If online has a lot of merit and our benchmarks were Figma and Canva. There's a reason why they built what they built, it is trend, it is understanding the users' pain points and then keeping on building and it takes time but things compound. So tick what compounds, what you're doing compounds and then you see a waterfall effect.

Jeff Bullas: Right. So one of the main key things you're saying is that having the ability to actually have the technology and the software as a service type platform sitting in the cloud means, anyone can do it from anywhere.

Sanket Shah: Right.

Jeff Bullas: So suddenly you've changed the game, you've gone from files locked away on a local computer to being in the cloud and easily accessed by anyone. I've read a really interesting book by Peter Diamandis and Kotler recently and it's a book called Bold. One of these strategies you've talked about, where we get exponential growth is where we go from technology that's hard to use and then we apply user friendly interface. And if you think about it, in 1995 the internet got given a friendly user interface. It was called the browser and this is really interesting is that, and this is going to be fascinating with tech and business over time. We've seen it happen even with smartphones, with apps, is that you can access this easily.

Jeff Bullas: We've seen people like being able to publish so easily because they've got an easy to use interface called social media. So what's fascinating is, when we're talking about technologies emerging, right as we speak, such as artificial intelligence and machine language. And I think when we get a user interface for artificial intelligence that we can use, that is actually easy for everyone to use, this is when “AI” is really going to take off I think.

So it was a really interesting insight by Peter Diamandis in the book Bold, which is basically about exponential technologies and you're in the middle of that. So can you tell me a little bit about things like the technologies that you're using to drive and make it easy for people to create and then also to make the best videos possible? So what are some of the tech that you're using that's emerging in your platform?

Sanket Shah: Correct. So now, let's take a step back and understand that browsers were not built or are still not built to create things. They are built to read, they are built to consume information. They are not built for heavy things like designing. So what happens is, the browser becomes very heavy, in layman terms, and the memory that browser can handle versus what is required to create anything design including your UI design on Figma, it becomes very heavy.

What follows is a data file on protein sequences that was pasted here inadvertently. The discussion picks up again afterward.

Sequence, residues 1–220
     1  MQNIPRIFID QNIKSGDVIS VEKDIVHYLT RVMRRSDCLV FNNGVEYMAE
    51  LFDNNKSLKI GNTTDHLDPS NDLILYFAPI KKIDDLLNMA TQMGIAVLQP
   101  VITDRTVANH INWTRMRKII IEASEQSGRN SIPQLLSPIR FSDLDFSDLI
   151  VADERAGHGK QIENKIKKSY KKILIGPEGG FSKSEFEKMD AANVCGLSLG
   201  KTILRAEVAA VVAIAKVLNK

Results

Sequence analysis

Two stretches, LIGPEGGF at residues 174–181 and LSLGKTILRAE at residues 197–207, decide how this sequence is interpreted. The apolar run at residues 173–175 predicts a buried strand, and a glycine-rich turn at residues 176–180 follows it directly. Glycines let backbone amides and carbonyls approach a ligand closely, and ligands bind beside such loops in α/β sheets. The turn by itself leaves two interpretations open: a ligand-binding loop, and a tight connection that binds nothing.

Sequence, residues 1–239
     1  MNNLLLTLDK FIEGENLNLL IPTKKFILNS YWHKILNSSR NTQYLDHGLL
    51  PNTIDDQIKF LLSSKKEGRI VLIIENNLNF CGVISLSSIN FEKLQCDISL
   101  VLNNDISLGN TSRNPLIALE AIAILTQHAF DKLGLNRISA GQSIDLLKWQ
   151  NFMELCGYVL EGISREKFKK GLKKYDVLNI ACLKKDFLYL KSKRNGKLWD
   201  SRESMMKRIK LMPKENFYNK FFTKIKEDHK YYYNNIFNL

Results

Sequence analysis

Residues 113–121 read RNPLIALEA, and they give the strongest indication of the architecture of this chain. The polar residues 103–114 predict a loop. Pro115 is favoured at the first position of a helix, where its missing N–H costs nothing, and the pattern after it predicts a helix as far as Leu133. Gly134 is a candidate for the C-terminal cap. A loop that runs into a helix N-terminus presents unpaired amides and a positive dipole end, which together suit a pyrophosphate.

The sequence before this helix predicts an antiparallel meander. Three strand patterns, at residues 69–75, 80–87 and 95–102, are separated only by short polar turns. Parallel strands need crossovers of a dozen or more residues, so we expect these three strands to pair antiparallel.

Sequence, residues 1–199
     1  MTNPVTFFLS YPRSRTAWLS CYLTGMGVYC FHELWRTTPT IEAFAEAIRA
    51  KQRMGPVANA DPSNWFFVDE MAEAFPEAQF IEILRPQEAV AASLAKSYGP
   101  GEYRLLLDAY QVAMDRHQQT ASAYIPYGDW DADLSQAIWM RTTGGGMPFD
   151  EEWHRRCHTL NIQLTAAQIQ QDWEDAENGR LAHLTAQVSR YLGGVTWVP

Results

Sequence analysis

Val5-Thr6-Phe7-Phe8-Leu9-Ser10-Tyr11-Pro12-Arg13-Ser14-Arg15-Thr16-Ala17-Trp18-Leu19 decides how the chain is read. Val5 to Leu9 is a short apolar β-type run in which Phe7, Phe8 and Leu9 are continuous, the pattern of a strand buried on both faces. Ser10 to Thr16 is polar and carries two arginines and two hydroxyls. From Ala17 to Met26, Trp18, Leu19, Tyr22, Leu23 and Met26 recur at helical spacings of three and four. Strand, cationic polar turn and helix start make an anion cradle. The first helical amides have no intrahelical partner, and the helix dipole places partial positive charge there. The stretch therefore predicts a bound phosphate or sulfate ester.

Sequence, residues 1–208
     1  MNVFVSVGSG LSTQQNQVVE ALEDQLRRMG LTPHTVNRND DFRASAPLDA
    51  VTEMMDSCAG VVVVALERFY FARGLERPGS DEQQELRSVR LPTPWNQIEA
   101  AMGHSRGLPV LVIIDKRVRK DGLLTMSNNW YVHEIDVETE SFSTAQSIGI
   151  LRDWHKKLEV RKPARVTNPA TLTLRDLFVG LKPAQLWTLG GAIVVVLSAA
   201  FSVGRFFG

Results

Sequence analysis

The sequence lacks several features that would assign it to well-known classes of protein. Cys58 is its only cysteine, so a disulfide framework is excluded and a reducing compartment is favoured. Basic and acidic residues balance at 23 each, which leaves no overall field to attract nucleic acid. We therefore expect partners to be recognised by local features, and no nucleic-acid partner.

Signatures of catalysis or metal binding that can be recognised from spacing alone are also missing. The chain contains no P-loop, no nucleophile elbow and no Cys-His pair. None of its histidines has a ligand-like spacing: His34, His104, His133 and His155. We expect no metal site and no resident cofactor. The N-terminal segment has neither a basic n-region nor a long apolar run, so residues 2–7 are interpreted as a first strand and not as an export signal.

So what we have to essentially do is, of course use a bit of machine learning and artificial intelligence, but what we essentially have to do is make that browser compatible. So we have to use the browser, but our technology is almost building a browser on top of a browser, that includes the machine language code. So that actually goes to the core of your machine because a lot of things are unusable on a browser.

Sanket Shah: So if you use technologies like SVGs and JPEGs and all of that, what happens is, it still makes the browser very heavy. So for a seamless experience, you have to write core level code and giving a guise use and then keep understanding what's happening where, how to optimize those memory issues or we call it DOM size and get that done. So it's essentially, writing libraries on top of a browser that browser does not have or are not supposed to do anyway, which makes the problem relatively difficult for a supreme user experience that a desktop app can give.

Jeff Bullas: So what you're doing, you're actually creating a user friendly interface for video technology to work on current technology.

Sanket Shah: Not just user friendly interface, a total user friendly experience.

Jeff Bullas: Okay. So UX is really important obviously for everything. So you're doing that for the video technology industry, that's fascinating. So what are some of the biggest challenges that you've had along the way? So you've started, you're evolving. What are three of the biggest challenges that you've experienced as an entrepreneur and currently within video?

Sanket Shah: Number one is ability to hire the right people. Now, I'm not going to say that we have not made hiring mistakes. Once you've hired the right people... You have Airbnbs and Googles of the world saying that, hey, they didn't hire people for six months, eight months, till they didn't find the right person. I did not believe in that philosophy. But now, I think that's the only way and the only right thing to do.

Sanket Shah: Because once you hire the right person, and you empower that person in your org, I was amazed and I'm always amazed about the amount of value the right person can create and why it is important to take six months to fill that position, but with the right guy. So I think that is very, very important and that is where I would have failed at times. Now again, I think every entrepreneur makes hiring mistakes. I think we have a fabulous team, but with the right org structure and a right leader, it can move that needle because at times all you require is a right leader. That's number one. Number two is I think this is a problem with a lot of entrepreneurs, which is building too much.